Wurster, C. Paper testing. Papier-Zeitung 13: 411 (1888); J. Soc. Chem. Ind. 7: 338.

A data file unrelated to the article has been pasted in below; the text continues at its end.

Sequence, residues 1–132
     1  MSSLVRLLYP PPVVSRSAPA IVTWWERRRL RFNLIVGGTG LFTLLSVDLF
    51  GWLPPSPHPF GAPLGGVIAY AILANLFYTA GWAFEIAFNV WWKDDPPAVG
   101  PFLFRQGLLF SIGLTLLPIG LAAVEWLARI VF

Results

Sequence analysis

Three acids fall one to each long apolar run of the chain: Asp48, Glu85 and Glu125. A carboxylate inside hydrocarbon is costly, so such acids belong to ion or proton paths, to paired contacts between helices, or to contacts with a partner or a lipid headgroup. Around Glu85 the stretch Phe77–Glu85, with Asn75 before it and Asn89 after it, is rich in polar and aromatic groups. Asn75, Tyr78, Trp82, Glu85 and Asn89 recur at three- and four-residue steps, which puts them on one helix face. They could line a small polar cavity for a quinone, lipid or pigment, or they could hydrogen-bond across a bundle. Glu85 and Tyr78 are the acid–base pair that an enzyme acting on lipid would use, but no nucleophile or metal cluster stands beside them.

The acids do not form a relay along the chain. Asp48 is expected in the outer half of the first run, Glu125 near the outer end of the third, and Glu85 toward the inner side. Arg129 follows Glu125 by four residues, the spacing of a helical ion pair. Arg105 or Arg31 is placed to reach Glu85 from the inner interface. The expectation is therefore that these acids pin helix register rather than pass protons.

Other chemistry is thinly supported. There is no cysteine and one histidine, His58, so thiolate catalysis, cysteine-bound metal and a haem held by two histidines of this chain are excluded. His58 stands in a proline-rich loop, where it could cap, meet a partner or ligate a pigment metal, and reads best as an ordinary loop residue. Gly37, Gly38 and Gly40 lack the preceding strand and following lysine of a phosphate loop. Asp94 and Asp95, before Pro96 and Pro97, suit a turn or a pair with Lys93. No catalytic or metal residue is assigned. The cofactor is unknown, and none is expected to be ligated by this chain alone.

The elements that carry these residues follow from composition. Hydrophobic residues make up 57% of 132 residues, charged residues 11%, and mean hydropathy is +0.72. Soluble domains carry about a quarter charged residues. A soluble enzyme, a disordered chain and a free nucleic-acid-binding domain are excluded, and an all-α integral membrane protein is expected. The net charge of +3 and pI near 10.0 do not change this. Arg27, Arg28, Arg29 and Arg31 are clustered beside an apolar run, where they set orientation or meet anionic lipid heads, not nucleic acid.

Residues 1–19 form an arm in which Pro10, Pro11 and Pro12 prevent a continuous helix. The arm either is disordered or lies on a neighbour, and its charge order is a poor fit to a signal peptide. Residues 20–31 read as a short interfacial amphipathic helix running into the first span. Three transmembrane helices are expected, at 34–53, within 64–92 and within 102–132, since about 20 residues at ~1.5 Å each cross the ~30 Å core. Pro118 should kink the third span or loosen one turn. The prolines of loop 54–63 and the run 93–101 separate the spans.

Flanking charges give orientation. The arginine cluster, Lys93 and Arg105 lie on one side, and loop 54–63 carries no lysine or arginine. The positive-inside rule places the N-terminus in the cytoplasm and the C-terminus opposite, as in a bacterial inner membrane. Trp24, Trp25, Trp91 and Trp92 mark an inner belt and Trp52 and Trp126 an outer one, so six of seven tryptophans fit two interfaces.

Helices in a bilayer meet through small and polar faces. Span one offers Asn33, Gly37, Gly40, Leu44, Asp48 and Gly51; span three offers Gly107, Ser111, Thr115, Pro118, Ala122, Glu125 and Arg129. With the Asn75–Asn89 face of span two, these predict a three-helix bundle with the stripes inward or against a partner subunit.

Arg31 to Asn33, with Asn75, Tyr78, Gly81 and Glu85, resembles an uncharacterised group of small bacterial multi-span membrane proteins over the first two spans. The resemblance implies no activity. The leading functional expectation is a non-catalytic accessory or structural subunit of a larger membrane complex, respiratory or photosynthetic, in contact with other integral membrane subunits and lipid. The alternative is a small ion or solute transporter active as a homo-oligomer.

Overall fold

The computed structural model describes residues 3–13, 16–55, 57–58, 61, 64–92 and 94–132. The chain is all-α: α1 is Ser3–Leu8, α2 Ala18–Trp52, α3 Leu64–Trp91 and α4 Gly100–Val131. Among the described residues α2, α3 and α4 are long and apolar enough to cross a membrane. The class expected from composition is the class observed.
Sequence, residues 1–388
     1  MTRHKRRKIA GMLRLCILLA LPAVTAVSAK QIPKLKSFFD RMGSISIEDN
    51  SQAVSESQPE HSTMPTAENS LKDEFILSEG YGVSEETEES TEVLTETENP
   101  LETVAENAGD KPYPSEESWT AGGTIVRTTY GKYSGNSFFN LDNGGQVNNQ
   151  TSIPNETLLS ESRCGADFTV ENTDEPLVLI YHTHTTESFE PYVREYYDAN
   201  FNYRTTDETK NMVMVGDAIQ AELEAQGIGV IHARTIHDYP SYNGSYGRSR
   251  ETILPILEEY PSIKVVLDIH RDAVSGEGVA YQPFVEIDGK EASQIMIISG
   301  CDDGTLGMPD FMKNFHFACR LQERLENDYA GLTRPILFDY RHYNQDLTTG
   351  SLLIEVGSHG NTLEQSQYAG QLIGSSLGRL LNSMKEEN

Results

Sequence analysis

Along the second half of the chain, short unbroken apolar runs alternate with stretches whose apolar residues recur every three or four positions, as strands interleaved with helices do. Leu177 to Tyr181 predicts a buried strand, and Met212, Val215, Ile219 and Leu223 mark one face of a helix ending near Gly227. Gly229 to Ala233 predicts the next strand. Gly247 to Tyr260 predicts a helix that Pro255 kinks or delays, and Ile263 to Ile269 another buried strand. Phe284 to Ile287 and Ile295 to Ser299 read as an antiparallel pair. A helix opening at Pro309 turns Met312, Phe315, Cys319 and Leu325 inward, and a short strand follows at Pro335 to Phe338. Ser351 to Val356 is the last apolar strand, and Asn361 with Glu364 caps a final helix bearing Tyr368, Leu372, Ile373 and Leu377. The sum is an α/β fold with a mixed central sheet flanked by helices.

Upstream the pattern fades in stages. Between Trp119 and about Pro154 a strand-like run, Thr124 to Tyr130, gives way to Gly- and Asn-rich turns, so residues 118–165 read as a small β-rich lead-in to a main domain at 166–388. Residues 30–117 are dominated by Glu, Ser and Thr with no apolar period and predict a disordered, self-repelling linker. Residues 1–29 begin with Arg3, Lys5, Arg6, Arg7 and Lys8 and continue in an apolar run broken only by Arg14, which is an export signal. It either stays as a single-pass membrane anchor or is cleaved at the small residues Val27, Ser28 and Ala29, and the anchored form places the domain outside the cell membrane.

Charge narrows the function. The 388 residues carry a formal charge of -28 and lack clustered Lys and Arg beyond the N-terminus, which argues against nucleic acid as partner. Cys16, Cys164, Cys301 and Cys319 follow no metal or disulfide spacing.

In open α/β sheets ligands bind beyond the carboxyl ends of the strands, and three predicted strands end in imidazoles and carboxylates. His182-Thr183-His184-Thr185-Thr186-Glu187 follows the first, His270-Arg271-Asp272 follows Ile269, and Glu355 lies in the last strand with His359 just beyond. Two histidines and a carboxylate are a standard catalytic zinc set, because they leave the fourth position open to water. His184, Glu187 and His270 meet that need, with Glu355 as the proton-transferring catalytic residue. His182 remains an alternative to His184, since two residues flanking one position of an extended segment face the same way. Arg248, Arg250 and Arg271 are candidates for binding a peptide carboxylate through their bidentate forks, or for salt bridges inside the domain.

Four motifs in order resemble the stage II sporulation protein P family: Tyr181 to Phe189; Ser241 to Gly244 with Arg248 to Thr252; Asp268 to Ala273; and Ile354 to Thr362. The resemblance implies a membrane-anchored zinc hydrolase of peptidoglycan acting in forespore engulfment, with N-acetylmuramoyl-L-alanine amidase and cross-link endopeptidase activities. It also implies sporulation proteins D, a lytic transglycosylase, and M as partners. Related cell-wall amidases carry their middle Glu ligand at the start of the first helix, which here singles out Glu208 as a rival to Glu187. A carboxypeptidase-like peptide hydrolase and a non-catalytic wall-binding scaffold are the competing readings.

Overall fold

It has often been stated that the cause of paper becoming brittle or tender is to be found in the presence of alum or aluminum sulfate in the paper. The author's observations, extending over 10 years, tend to the conclusion that neutral or basic aluminum sulfate exercises no decomposing influence at ordinary temperatures on paper, whether size be present or not, but that aluminum sulfate has a strongly caustic action if chlorides, such as those of sodium or calcium, be present, especially at higher temperatures. In this case an injurious action on the paper arises from the formation of aluminum chloride or free hydrochloric acid, which act by abstracting hydrogen, or the elements of water, from the cellular substance.